Continuing with our series on regular expressions, here’s a more complex example of regular expression testing. In this example, we’re going to see how to check a date that comes in different formats. The extra wrinkle that we are providing here is that we’re constraining the date so that it can only be in certain centuries.

First of all, we’re going to define how the date is separated out. For instance, if we use DateSeparator.Slash, then the date will be separated by the / character.

/// <summary>
/// Describes how the date is separated.
/// </summary>
public enum DateSeparator
{
    /// <summary>
    /// The parts of the date are separated by a space.
    /// </summary>
    Space,
    /// <summary>
    /// The parts of the date are separated by a slash (/)
    /// </summary>
    Slash,
    /// <summary>
    /// The parts of the date are separated by a dot (.)
    /// </summary>
    Dot,
    /// <summary>
    /// The parts of the date are separated by a hyphen (-)
    /// </summary>
    Hyphen
}

Next we’re going to define the format of the date (without separator characters). This basically states the order of the different parts of the date so DateFormat.MonthYearDay corresponds to MMYYYYDD.

/// <summary>
/// This enumeration tells you the date format that you want to use.
/// </summary>
public enum DateFormat
{
    /// <summary>
    /// Formatted as YYYYMMDD
    /// </summary>
    YearMonthDay,
    /// <summary>
    /// Formatted as MMYYYYDD
    /// </summary>
    MonthYearDay,
    /// <summary>
    /// Formatted as DDMMYYYY
    /// </summary>
    DayMonthYear,
    /// <summary>
    /// Formatted as YYMMDD
    /// </summary>
    ShortYearMonthDay,
    /// <summary>
    /// Formatted as MMYYDD
    /// </summary>
    ShortMonthYearDay,
    /// <summary>
    /// Formatted as DDMMYY
    /// </summary>
    ShortDayMonthYear,
}

Finally we’re going to provide the methods to actually parse the date. Here there are 3 versions of the IsValidDate, with suitable overrides.

/// <summary>
/// Checks to see if this is a valid date.
/// </summary>
/// <param name="date">The date to check.</param>
/// <param name="separator">The <see cref="DateSeparator"/> for this date.</param>
/// <returns>True if the date is valid, false otherwise.</returns>
public static bool IsValidDate(string date, DateSeparator separator)
{
    return IsValidDate(date, separator, DateFormat.YearMonthDay);
} /// <summary>
/// Checks to see if this is a valid date.
/// </summary>
/// <param name="date">The date to check.</param>
/// <param name="separator">The <see cref="DateSeparator"/> for this date.</param>
/// <param name="format">The <see cref="DateFormat"/> for this date.</param>
/// <returns>True if the date is valid, false otherwise.</returns>
public static bool IsValidDate(string date, 
    DateSeparator separator,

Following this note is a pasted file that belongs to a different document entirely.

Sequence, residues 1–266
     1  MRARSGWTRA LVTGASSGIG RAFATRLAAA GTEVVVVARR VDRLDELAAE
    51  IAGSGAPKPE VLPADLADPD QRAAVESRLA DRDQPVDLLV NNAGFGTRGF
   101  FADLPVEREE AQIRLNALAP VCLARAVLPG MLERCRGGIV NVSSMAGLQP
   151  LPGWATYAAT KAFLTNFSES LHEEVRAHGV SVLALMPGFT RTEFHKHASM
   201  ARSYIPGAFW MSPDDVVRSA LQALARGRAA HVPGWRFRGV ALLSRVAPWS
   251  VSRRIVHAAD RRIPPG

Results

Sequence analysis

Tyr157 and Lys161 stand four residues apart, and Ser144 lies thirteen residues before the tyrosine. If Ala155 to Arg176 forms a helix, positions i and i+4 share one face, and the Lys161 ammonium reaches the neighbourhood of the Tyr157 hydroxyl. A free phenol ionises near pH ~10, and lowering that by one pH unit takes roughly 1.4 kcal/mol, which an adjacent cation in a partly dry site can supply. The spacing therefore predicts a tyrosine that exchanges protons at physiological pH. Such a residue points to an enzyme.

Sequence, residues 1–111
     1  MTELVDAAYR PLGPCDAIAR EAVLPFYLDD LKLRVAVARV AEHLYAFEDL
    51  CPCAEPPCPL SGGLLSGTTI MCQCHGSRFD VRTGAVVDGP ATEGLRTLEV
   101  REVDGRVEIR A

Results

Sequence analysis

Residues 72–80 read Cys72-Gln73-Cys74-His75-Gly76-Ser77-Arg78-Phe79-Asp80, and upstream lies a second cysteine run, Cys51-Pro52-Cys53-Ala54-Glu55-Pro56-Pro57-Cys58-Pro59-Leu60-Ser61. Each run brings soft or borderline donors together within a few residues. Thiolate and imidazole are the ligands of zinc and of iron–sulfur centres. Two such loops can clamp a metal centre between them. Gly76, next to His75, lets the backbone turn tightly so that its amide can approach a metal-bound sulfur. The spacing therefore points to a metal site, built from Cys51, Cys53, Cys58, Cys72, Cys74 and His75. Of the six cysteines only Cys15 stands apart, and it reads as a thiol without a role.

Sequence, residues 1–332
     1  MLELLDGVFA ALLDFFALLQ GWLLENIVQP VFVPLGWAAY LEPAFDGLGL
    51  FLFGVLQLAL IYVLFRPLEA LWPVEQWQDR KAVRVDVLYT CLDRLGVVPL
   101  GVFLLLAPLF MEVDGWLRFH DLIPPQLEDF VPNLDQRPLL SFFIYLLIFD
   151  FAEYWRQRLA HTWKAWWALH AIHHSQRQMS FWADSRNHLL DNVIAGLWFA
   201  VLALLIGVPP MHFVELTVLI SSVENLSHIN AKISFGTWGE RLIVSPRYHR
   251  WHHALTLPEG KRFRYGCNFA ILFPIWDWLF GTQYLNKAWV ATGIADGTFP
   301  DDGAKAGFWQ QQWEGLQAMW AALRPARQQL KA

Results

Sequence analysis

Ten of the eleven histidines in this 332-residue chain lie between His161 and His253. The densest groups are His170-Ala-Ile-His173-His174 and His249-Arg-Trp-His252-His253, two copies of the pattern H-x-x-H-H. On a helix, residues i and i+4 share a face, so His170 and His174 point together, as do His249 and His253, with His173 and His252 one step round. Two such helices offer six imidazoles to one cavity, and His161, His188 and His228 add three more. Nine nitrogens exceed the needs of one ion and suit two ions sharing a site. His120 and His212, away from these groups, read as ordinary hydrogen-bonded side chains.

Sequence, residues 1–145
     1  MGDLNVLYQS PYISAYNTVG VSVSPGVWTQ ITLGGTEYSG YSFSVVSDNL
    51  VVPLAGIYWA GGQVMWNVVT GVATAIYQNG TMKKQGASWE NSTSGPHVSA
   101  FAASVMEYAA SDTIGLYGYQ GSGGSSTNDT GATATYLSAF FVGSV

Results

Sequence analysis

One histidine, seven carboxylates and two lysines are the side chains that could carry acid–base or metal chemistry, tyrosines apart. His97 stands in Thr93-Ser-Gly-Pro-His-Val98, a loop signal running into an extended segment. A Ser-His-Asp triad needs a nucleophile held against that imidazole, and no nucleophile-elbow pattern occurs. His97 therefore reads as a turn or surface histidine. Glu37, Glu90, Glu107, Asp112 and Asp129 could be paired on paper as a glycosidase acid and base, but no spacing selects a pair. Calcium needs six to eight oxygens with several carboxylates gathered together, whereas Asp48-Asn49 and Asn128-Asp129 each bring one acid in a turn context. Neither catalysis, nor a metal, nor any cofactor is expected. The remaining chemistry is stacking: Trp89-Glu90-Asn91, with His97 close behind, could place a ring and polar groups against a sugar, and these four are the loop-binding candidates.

DateFormat format)
{
    List<int> yearConstrain = new List<int>();
    yearConstrain.Add(19);
    yearConstrain.Add(20);
    return IsValidDate(date, separator, format, yearConstrain);
} /// <summary>
/// Checks to see if this is a valid date.
/// </summary>
/// <param name="date">The date to check.</param>
/// <param name="separator">The <see cref="DateSeparator"/> for this date.</param>
/// <param name="format">The <see cref="DateFormat"/> for this date.</param>
/// <param name="yearConstrain">Any century periods that the 
/// date needs constraining to.</param>
/// <returns>True if the date is valid, false otherwise.</returns>
public static bool IsValidDate(string date, 
    DateSeparator separator, 
    DateFormat format, 
    List<int> yearConstrain)
{
    if (string.IsNullOrEmpty(date))
        throw new ArgumentNullException("date");
    // Ensure that we have some base periods to check for "long" date formats.
    if (format == DateFormat.DayMonthYear || 
        format == DateFormat.MonthYearDay || 
        format == DateFormat.YearMonthDay)
    {
        if (yearConstrain == null)
            yearConstrain = new List<int>();
        if (yearConstrain.Count == 0)
        {
            yearConstrain.Add(19);
            yearConstrain.Add(20);
        }
    }     string dayFormat = "(0[1-9]|[12][0-9]|3[01])";
    string monthFormat = "(0[1-9]|1[012])";
    StringBuilder years = new StringBuilder();
    if (yearConstrain != null && yearConstrain.Count > 0)
    {
        foreach (int i in yearConstrain)
        {
            years.AppendFormat("{0}|", i);
        }
    }
    string yearFormatLong = string.Format(@"({0})\d\d", 
        years.ToString().Substring(0, years.ToString().Length -1));
    string yearFormatShort = @"\d\d";
    string baseFormat = "{0}[{3}]{1}[{3}]{2}";
    int yearPos = 0;
    int yearLength = 4;
    int monthPos = 0;
    int dayPos = 0;
    string sep = string.Empty;
    switch (separator)
    {
        case DateSeparator.Dot:
            sep = ".";
            break;
        case DateSeparator.Hyphen:
            sep = "-";
            break;
        case DateSeparator.Slash:
            sep = "/";
            break;